The lid for a snap or twist lock closure are constructed similarly.


Flip the box over and trace the top, for my personal taste I like a small overhang, about 1/2″ all around.

I also mark the box side and the lid at the point of the ellipse on both ends, this will be where the snaps or locks attach.

From here connect the lines on the lid for the points of the ellipse to get a line that should divide the box in two lengthwise. That is the center line of your closure, offset 1/2 the width of your snap or lock to either side.

To determine the depth of the cut measure in from your initial mark of the outside of the box, add the thickness of the wall of the box, and the width of the lock or snap.

Follow the marks you have cut out to make a notch in each end of the lid to hold the closure.

Next it’s time to turn your attention to the closures. The twist lock requires a little finessing and is great for use by people with limited hand strength, but is less well documented.

To start you will need to prepare two pieces of wood that are the equal in thickness to the width of the notch you put in the lid, and equal in length to the interior of the box from bottom to top plus double the thickness of the lid itself. One of the pieces will be twice as wide as it is thick, the second will be three times as wide as thick. The wider block will be cut to form the fixed tail end of the closure. Cut in on each side one third of the width of the block and equal to the height of the box plus thickness of the lid. The result should form a t shape similar to the one on the right of the following picture.

The second piece , the thinner of the two will be cut similar to the first except it will only have one of the arms of the t. This piece will then need to be worked so that the long narrow part is round. I start by removing the corners to make it an octagon and then sand from there. Once the lower portion of the piece is round you will round the back of the straight side. The right angle side can be left as is, or tapered to a wedge as personal preference dictates.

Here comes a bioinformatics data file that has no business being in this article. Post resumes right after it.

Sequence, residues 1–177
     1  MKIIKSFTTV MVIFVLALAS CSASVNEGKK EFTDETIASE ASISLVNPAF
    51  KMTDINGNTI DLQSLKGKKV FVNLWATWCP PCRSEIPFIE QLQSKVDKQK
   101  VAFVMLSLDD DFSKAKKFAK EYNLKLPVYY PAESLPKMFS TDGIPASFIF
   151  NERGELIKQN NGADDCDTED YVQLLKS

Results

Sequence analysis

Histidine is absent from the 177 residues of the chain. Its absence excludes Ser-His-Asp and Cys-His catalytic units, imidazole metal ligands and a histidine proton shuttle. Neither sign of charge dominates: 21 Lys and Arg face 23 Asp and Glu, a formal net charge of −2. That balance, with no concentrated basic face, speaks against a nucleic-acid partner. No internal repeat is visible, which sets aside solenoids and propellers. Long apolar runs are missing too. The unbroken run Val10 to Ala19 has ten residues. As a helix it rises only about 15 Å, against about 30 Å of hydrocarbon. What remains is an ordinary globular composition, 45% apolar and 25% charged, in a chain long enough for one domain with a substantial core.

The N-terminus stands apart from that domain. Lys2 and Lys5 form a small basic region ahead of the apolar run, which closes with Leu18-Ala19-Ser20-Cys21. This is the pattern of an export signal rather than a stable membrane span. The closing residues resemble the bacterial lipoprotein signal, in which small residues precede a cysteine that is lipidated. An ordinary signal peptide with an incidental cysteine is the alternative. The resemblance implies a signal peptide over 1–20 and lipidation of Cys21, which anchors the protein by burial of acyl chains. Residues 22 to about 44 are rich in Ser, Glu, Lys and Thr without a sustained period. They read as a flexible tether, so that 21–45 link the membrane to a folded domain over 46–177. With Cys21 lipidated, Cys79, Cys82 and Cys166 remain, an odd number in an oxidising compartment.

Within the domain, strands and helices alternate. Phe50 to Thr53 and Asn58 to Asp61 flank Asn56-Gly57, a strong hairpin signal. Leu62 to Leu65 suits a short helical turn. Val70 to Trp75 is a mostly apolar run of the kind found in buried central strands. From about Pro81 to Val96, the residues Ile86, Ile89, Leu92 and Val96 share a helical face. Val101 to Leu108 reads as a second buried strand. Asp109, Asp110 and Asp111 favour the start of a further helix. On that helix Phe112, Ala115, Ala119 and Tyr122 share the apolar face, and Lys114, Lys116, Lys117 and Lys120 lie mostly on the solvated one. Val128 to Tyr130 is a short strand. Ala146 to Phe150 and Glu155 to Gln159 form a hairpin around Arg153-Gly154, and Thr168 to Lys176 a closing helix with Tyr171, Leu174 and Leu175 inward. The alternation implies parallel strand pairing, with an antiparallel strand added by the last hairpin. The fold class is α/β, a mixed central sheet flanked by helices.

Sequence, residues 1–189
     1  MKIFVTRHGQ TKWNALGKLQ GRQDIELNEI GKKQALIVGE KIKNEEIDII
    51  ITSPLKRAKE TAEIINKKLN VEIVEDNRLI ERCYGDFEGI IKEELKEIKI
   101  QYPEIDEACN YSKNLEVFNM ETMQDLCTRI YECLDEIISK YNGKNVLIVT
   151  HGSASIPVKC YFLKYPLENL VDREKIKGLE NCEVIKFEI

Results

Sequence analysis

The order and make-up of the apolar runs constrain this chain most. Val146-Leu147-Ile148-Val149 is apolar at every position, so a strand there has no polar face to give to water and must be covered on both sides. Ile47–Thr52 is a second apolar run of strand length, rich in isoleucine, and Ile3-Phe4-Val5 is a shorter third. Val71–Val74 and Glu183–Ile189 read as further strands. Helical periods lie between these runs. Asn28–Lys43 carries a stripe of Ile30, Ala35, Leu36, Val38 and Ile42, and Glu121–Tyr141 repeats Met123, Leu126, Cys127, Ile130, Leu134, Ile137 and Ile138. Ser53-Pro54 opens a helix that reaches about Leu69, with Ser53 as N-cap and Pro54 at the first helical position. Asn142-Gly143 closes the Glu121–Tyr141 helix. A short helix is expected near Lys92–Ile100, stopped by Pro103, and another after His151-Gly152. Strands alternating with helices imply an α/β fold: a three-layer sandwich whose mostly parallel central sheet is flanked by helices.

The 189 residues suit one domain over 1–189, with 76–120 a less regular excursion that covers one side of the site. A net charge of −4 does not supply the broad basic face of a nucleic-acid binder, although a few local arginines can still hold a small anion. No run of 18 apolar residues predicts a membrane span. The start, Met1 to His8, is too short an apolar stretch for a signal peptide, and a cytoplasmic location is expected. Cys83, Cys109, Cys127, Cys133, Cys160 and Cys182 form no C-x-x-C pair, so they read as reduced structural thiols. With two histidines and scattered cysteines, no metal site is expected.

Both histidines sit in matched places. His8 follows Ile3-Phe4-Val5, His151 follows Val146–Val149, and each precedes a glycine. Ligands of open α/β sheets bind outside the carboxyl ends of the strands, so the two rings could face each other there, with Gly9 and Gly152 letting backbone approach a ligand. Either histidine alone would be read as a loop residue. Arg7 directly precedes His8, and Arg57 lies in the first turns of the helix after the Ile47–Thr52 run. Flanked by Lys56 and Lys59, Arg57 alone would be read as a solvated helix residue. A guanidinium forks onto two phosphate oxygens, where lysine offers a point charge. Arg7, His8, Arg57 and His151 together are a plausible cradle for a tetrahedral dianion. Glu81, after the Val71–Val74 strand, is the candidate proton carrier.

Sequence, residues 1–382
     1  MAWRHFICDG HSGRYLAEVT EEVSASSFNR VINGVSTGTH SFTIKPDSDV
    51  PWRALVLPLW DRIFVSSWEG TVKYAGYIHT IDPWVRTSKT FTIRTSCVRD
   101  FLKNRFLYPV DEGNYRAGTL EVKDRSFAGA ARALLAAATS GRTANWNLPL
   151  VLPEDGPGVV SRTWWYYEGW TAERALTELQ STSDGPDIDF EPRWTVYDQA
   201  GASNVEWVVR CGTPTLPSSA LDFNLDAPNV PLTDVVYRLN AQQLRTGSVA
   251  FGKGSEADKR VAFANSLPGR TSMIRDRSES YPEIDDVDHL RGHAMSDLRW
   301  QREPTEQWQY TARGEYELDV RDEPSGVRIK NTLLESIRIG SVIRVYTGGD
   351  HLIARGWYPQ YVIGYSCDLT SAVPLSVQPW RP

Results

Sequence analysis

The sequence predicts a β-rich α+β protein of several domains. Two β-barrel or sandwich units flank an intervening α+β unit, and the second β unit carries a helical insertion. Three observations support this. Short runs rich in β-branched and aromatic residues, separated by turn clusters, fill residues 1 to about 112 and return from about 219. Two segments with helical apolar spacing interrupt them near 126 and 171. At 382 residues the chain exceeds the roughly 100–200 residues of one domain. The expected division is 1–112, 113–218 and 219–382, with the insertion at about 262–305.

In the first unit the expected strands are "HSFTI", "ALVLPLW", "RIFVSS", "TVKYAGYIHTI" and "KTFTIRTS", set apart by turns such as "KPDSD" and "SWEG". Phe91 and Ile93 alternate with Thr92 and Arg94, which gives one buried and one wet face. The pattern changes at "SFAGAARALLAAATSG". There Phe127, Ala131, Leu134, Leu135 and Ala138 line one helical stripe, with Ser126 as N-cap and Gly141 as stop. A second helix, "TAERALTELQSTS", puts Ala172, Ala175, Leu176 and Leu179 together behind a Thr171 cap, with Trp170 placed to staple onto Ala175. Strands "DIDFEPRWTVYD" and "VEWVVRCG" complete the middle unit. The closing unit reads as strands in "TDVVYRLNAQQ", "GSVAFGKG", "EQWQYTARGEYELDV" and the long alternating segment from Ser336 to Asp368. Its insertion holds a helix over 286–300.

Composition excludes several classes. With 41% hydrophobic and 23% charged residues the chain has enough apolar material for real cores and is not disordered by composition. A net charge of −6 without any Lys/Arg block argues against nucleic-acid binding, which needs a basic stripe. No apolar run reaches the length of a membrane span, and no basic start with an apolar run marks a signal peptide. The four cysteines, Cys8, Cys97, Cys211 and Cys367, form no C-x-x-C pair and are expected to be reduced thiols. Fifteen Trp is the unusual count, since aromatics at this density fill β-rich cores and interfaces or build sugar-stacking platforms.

Top down of the pivoting portion of the closure.

At this point you will need to place the lid in position and use the piece you just completed to mark where the holes will go to secure it, and where to put the grooves that the cords will ride in to allow it to rotate.

At this point I will drill two holes per groove for the cord to pass through. I prefer to set the holes inside the diameter of the round part of the swivel, this helps to keep the cord in the channel.

Once your holes are drilled test fit the swivel lock in place to see it is high enough to clear the lid and that it rotates freely. Once you have adjusted the lock to rotate smoothly you can lace your cord to keep it in place and then glue and dowel the fixed portion of the closure. A slight bevel to the underside of the arms of the fixed side of the Closure is helpful. You may also find it hard to open if your tolerances are tight. I have found that beveling the underside of the lid from the notch back to the edge helps to get the lid to close snug to the body and still open with minimal struggle.

From here both the snap lock and swivel lock lids will need a handle attached, any last minute touch ups and then on to your finish of choice. I have used polyurethane and boiled linseed oil and of the two I refer the oil. The polyurethane is a tougher finish but it is also a thicker finish and may effect your closures. Oil is not as durable of a finish but it is easy to refresh as needed.

I would love to see your efforts if you try to make a box of your own. Good luck and May you always be worthy of your dreams.